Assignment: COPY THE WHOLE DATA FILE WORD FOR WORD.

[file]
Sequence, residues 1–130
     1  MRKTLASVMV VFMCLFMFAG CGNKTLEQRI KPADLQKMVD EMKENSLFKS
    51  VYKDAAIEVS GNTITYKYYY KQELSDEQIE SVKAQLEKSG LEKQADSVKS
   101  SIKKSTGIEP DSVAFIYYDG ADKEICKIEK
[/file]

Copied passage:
Sequence, residues 1–130
     1  MRKTLASVMV VFMCLFMFAG CGNKTLEQRI KPADLQKMVD EMKENSLFKS
    51  VYKDAAIEVS GNTITYKYYY KQELSDEQIE SVKAQLEKSG LEKQADSVKS
   101  SIKKSTGIEP DSVAFIYYDG ADKEICKIEK